When she became an MP in 1997, Oona felt that she had never seen an institution so unrepresentative of the British people as Westminster. Oona talked very passionately about how class is ignored as an equality issue, and how the lack of financial resources directly and indirectly excludes people from modest backgrounds from becoming an MP. The ‘bank of mum and dad’ enables some young people to work unpaid for MPs and thinktanks, which is increasingly the route to Westminster. She argued that we have to look at the ‘talent pipeline’. Very few people in ordinary jobs could take 13 weeks to do a parliamentary selection – thankfully the NEC has just reduced the timetable to eight weeks. Sadie Smith felt that the time commitment – both to get selected and elected – would discourage ‘normal people’ who had careers in fields unrelated to politics.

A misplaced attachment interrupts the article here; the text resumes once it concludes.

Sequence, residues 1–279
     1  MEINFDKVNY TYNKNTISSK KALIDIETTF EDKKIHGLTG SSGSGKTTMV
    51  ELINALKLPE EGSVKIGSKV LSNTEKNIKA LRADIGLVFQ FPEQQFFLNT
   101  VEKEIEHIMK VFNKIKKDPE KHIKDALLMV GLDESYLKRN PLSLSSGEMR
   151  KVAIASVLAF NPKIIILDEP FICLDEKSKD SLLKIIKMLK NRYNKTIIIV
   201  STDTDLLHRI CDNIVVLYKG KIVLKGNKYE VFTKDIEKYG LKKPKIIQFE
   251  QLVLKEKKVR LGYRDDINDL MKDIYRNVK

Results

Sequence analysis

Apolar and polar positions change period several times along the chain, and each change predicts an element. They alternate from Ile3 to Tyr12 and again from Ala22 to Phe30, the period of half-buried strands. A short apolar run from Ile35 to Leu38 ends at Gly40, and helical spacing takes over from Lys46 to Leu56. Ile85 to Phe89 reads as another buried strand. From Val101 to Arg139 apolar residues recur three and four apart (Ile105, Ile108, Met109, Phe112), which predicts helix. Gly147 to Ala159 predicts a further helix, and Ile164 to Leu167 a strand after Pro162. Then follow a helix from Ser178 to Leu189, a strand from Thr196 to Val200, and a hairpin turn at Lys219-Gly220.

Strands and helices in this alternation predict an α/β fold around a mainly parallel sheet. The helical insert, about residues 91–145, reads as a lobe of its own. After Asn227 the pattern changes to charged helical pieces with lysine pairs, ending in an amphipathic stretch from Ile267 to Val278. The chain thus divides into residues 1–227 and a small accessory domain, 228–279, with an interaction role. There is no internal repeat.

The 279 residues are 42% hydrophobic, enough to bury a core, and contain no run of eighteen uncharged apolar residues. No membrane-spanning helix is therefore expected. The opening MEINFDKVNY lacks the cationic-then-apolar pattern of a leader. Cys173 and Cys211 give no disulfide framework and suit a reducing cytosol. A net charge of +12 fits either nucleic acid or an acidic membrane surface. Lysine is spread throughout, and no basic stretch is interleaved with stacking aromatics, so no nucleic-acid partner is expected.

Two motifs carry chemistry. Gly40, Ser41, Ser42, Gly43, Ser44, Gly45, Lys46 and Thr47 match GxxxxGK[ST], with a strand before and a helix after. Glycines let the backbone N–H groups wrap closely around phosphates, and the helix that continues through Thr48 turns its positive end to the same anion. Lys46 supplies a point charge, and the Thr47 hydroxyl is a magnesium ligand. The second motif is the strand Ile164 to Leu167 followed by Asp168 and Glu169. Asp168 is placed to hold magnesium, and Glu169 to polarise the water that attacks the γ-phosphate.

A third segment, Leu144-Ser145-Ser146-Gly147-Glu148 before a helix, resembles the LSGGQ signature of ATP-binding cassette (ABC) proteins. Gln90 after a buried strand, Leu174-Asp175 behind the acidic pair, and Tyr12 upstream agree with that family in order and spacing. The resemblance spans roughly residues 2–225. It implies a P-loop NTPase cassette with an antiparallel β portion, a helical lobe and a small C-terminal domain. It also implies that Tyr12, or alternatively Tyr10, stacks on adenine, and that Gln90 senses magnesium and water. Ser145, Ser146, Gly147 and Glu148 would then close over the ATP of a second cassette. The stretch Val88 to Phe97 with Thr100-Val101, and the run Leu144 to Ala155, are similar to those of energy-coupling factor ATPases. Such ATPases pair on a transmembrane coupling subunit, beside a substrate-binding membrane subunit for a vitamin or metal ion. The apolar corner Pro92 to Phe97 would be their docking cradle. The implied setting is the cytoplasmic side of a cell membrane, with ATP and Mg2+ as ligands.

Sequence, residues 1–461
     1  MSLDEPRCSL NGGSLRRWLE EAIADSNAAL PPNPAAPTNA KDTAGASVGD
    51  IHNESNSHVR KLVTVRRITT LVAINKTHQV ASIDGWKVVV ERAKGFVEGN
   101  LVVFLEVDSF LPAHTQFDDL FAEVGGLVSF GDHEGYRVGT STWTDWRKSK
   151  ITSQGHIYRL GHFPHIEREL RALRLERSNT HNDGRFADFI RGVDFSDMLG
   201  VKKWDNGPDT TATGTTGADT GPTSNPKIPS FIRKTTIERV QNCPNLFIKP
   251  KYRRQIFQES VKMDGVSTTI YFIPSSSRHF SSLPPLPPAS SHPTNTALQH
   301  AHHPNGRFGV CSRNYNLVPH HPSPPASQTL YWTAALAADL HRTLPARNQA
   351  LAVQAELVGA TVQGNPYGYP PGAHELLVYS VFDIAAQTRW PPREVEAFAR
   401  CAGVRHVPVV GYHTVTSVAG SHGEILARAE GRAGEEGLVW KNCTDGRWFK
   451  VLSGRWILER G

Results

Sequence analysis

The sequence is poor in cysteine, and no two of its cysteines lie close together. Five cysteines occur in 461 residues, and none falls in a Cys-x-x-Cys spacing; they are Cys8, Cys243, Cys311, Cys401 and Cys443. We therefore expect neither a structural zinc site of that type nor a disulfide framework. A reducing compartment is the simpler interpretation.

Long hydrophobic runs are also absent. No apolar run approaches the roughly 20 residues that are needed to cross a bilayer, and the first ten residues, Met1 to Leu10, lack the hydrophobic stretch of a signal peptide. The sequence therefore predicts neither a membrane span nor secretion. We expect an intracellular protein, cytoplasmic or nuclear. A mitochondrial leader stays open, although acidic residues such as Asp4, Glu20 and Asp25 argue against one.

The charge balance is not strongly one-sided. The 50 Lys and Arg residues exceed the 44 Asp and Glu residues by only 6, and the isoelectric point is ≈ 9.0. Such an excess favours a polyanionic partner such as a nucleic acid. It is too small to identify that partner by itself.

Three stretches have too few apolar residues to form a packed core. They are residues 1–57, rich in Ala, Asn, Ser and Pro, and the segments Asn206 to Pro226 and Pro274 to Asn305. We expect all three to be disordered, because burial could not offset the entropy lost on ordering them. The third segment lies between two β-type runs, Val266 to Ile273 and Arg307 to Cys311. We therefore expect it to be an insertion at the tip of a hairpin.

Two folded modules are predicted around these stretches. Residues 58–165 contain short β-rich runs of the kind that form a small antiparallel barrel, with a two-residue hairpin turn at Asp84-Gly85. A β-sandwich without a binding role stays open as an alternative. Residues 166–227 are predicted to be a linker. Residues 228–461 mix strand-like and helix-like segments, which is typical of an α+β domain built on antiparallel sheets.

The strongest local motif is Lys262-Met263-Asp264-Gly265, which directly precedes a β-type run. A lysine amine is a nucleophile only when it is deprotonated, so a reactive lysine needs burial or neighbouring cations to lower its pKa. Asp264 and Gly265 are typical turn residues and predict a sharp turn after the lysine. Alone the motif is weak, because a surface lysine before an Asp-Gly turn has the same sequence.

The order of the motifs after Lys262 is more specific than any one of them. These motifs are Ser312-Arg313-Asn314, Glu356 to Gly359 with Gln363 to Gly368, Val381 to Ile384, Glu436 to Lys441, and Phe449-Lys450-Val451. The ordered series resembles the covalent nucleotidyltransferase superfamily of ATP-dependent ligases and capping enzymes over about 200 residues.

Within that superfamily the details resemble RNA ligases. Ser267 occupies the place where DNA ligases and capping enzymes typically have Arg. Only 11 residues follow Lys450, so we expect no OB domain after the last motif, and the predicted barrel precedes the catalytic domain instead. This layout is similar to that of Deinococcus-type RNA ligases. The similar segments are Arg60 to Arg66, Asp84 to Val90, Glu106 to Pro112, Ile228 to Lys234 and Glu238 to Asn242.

I think Steve Hart, political director of Unite, was surprised that Progress was having such a discussion, and even more surprised to have been invited! Steve said that he was encouraged that Progress members were seriously interested in making parliament more representative. His union has a clear political strategy to develop and support their members to become involved in the Labour party and become councillors and MPs, particularly people who are shop stewards and have developed great negotiation and advocacy skills.